5. The system of claim 1, wherein the elevator device moves the transport vehicle upwards, while it moves another transport vehicle downwards.
6. The system of claim 1, wherein at least one elevator is configured as a paternoster elevator.
7. The system of claim 1, further comprising:
a second divert elevator, a second merge elevator and a plurality of transport vehicles;
the second casing tower having an entry side, an exit side, and slots;
the second divert elevator located at the entry side of the second casing tower;
the second merge elevator located at the exit side of the second casing tower; and
wherein the plurality of transport vehicles exit the second divert elevator at an appropriate level of the second casing tower and deliver the articles to the slots of the second casing tower.
8. The system of claim 7, wherein:
the second casing tower further includes at least one level for transferring at least one of the plurality of transport vehicles from the second divert elevator to the second merge elevator if a destination of the one of the plurality of transport vehicle is not within the second casing tower; and
the second merge elevator is connected to the first divert elevator.
9. The system of claim 8, wherein the first merge elevator is connected to the second divert elevator.
Description
CROSS REFERENCE TO RELATED APPLICATIONS

The present application claims priority to provisional patent application Ser. No. 60/499,612 filed on Sep. 3, 2004, which is herein incorporated by reference.

BACKGROUND OF THE INVENTION

The various embodiments described herein relate to a mail processing system and a method of delivering articles to delivery locations within the mail processing system.

Each day the United States Postal Service (USPS) processes articles for delivery to millions of individual domestic addresses. As used throughout the application, articles refer to mail items, magazines, books and other such flat items. Before mail carriers begin to walk through or drive through their delivery routes, a mail processing system at a USPS processing site sorts all articles for the carriers and packages the sorted articles for each domestic address. A carrier's responsibility includes putting all of these articles into an appropriate sequence for efficient delivery to the domestic addresses.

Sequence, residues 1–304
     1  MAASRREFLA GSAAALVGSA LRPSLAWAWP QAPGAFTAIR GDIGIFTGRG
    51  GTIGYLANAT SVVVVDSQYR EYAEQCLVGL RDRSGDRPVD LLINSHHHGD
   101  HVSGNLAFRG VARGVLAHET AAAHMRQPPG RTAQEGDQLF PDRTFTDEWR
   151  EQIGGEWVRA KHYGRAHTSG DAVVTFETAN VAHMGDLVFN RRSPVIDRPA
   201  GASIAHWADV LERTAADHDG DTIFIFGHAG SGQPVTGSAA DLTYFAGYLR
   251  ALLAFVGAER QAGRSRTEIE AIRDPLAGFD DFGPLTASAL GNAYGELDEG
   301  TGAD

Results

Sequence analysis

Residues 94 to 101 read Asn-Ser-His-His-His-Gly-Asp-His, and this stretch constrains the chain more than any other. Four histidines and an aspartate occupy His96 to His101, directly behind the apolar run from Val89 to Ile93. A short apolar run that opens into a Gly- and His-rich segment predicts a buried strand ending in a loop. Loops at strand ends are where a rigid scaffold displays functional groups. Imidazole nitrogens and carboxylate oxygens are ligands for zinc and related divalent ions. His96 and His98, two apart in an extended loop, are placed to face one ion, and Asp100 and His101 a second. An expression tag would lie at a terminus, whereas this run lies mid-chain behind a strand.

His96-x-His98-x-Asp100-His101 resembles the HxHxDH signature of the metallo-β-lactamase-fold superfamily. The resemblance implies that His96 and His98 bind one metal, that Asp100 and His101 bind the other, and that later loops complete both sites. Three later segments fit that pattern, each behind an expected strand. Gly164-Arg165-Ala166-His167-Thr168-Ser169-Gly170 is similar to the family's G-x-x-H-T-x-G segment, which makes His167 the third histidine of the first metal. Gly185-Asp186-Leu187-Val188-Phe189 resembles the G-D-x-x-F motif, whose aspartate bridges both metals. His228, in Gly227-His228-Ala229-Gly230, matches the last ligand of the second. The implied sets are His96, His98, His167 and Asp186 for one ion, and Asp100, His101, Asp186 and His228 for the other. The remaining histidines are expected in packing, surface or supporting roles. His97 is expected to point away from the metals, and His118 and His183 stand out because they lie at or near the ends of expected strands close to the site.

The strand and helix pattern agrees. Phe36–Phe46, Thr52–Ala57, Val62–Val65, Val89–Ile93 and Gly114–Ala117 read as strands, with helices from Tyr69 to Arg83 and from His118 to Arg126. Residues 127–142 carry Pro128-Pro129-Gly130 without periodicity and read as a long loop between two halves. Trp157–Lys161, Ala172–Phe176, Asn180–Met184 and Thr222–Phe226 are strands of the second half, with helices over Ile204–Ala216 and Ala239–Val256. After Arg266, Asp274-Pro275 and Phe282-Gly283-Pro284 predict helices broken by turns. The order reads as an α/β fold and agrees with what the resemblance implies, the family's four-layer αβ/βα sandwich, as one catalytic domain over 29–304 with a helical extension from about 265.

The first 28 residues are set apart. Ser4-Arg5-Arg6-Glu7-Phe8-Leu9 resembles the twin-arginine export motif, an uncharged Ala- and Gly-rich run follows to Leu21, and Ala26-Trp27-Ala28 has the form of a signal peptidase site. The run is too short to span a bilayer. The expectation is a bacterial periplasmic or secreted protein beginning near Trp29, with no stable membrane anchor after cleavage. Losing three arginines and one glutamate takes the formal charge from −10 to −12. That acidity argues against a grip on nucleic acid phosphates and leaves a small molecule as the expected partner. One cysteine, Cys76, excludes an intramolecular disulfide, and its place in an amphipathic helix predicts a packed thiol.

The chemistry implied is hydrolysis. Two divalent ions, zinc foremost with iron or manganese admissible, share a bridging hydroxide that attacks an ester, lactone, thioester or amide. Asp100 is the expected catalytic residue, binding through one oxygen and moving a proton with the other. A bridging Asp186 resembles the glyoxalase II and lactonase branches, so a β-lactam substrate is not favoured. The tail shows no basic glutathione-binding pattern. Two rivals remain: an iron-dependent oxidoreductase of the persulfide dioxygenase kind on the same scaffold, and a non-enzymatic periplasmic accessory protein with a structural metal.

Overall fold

The mail processing system is highly automated to handle the amount of daily articles. It includes a delivery point packaging (DPP) system that, for example, separates the articles, reads their destination addresses and groups the articles based upon their respective destination addresses. One example of a DPP system includes an arrangement of a multitude of individual pockets or slots for individual articles. A transport system transports the articles along a track system to the slots. Feeders insert the articles into the transport system at loading points. At this point, the destination address of a article is known and the transport system transports the article along a delivery path to a slot that is pre-assigned to the destination address of that article.

SUMMARY OF CERTAIN INVENTIVE ASPECTS

A general aspect of a mail processing system is to operate it as efficient and reliable as possible and as inexpensive as possible to the USPS. One parameter that influences efficiency, reliability, and operating costs is the number of vehicles traveling within the DPP system. Reducing the number of traveling vehicles improves efficiency and reliability and reduces operating cost. It is therefore, an objective to provide a mail processing system that allows operation with a reduced number of vehicles.